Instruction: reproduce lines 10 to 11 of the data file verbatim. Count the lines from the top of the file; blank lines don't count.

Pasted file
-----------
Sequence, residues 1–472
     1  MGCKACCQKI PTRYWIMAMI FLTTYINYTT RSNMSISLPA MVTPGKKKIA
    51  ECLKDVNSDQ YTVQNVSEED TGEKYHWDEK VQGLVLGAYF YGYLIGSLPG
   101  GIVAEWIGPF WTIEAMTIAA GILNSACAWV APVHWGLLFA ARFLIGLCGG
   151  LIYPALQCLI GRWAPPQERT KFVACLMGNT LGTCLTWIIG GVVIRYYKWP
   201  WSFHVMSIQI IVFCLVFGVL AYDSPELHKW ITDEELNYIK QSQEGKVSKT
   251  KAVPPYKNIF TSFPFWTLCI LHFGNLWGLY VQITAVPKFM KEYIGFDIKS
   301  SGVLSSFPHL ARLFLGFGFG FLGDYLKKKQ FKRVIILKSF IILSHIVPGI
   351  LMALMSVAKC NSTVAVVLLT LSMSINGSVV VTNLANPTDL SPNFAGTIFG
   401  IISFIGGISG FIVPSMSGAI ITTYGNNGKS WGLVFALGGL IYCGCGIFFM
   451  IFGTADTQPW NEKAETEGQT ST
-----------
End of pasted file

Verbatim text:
   401  IISFIGGISG FIVPSMSGAI ITTYGNNGKS WGLVFALGGL IYCGCGIFFM
   451  IFGTADTQPW NEKAETEGQT ST